Or the first twelve measures of one, at any rate. (The score to the piece [op. 28 no. 4] can be found here.)
In four parts (be sure to enlarge all the way):
(The rest is left as an exercise for the reader! :-))
Now, what prompted this? Answer: this 2004 post by Scott Spiegelberg (who, incidentally, was kind enough to link to me — much appreciated!). Alas, here I go again, discovering another interesting music blog, only to immediately start using it as a foil.
Of this piece, Spiegelberg has some interesting and worthwhile things to say; unfortunately, his comments are also contaminated with harmonic theory, which never illuminates and usually obscures. So let’s see if we can do anything to help. Spiegelberg says:
[The Prelude] starts innocently enough with a simple tonic chord, though the E is not in the bass so the chord is slightly unstable.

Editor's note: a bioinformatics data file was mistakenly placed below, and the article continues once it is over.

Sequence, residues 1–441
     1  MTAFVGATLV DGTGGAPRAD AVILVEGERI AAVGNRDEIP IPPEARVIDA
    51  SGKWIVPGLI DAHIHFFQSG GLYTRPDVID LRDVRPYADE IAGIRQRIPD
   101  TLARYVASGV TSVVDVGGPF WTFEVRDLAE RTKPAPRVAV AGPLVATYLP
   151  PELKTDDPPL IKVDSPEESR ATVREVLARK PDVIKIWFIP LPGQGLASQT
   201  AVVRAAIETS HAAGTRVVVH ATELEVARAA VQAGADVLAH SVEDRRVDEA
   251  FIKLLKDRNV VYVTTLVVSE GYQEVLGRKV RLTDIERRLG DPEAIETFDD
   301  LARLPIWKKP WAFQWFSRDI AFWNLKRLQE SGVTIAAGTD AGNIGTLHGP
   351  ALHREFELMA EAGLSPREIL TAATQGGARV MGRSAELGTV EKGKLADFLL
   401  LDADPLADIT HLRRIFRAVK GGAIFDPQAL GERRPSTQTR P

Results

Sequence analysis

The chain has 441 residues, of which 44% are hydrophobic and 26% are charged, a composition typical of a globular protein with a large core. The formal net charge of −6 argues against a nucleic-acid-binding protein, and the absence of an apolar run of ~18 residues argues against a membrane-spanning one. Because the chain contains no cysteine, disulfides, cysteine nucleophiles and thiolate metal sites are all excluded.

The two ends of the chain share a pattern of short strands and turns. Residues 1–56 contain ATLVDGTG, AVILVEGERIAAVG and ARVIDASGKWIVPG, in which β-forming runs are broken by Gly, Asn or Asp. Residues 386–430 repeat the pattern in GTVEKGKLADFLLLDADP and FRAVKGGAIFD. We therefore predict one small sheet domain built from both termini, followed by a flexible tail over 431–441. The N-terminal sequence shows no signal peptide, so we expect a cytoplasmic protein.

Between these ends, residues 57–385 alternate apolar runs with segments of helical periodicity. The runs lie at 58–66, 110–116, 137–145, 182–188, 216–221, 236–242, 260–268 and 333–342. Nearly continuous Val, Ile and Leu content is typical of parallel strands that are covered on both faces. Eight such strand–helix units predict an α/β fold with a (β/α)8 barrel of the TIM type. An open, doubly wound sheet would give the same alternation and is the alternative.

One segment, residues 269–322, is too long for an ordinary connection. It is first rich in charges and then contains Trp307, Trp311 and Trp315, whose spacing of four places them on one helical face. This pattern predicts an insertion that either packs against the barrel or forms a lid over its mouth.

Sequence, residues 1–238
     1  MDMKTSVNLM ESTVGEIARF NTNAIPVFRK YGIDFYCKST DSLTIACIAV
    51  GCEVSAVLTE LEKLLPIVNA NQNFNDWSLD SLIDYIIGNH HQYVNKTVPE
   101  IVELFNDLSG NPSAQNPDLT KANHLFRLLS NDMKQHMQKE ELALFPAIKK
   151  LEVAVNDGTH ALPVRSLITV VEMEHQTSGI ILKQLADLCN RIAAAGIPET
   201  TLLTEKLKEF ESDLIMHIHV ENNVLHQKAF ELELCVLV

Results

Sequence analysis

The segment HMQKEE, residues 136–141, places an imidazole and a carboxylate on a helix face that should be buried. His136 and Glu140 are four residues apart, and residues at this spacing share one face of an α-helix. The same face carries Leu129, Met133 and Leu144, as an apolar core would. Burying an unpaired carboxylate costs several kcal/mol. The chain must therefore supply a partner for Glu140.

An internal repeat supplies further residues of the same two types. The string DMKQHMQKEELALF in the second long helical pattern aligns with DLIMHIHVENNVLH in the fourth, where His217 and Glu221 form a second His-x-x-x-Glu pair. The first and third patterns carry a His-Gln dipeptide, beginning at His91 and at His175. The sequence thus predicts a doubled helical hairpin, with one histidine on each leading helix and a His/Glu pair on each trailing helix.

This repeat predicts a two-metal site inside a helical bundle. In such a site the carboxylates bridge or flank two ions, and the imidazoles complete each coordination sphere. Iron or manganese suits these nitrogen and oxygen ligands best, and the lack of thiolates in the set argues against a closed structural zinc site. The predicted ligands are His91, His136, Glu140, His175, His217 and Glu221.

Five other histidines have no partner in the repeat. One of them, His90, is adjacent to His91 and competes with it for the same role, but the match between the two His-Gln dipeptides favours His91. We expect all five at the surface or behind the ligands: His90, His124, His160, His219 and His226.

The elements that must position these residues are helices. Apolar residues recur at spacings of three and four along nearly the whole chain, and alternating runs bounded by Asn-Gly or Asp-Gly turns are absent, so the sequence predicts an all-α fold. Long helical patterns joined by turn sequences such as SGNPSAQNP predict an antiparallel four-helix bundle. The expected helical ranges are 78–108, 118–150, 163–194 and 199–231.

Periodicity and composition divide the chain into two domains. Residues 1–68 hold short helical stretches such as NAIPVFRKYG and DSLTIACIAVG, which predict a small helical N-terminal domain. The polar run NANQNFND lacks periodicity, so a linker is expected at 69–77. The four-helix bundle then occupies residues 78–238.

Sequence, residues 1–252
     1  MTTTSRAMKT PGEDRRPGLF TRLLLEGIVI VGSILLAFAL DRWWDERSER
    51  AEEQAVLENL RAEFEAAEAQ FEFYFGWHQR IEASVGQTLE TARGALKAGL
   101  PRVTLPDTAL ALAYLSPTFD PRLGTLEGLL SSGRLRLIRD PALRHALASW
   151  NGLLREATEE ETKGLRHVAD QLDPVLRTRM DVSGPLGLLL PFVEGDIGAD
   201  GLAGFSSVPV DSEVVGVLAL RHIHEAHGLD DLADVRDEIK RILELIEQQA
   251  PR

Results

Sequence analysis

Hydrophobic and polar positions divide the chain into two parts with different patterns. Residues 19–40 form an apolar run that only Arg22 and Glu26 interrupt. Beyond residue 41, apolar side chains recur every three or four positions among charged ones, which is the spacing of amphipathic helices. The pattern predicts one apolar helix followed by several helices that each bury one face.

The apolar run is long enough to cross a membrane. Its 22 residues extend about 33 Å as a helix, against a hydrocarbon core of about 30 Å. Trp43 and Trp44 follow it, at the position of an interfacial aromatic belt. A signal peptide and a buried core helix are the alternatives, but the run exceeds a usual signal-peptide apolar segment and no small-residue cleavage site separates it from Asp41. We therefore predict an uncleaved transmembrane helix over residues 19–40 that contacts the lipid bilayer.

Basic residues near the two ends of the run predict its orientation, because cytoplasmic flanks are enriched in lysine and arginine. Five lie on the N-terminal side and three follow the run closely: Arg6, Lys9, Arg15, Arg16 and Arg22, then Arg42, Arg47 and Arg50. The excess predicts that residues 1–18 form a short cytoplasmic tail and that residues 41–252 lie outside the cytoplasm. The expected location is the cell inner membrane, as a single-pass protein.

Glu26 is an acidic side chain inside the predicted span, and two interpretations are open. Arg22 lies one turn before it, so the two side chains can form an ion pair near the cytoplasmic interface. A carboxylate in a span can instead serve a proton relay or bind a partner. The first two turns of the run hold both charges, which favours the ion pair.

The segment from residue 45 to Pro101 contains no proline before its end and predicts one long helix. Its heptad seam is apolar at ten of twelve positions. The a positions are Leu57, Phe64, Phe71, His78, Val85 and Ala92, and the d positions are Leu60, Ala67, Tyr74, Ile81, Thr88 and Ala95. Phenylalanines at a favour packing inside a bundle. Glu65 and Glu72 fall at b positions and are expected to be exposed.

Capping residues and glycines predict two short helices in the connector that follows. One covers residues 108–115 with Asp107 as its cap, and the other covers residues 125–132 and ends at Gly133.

The beginning of this analysis seems as innocuous as the beginning of the piece itself; but, as in the case of Chopin’s opening, the veil of innocence merely serves to conceal difficulties that will rear their head in due course. In this case, there is already something subtly misleading about saying that a work “starts with a tonic chord”. It’s as if the composer came up with the opening of the piece by consulting a list of possible “chords”, and choosing to go with the tonic rather than the dominant or perhaps the doubly lowered raised submediant (if the composer happens to be, say, Max Reger). One presumes that after making the choice, the composer then goes back to the list and decides what the second chord of the piece will be. (Oh, and I almost forgot — he has to pick an “inversion” too!) And so on.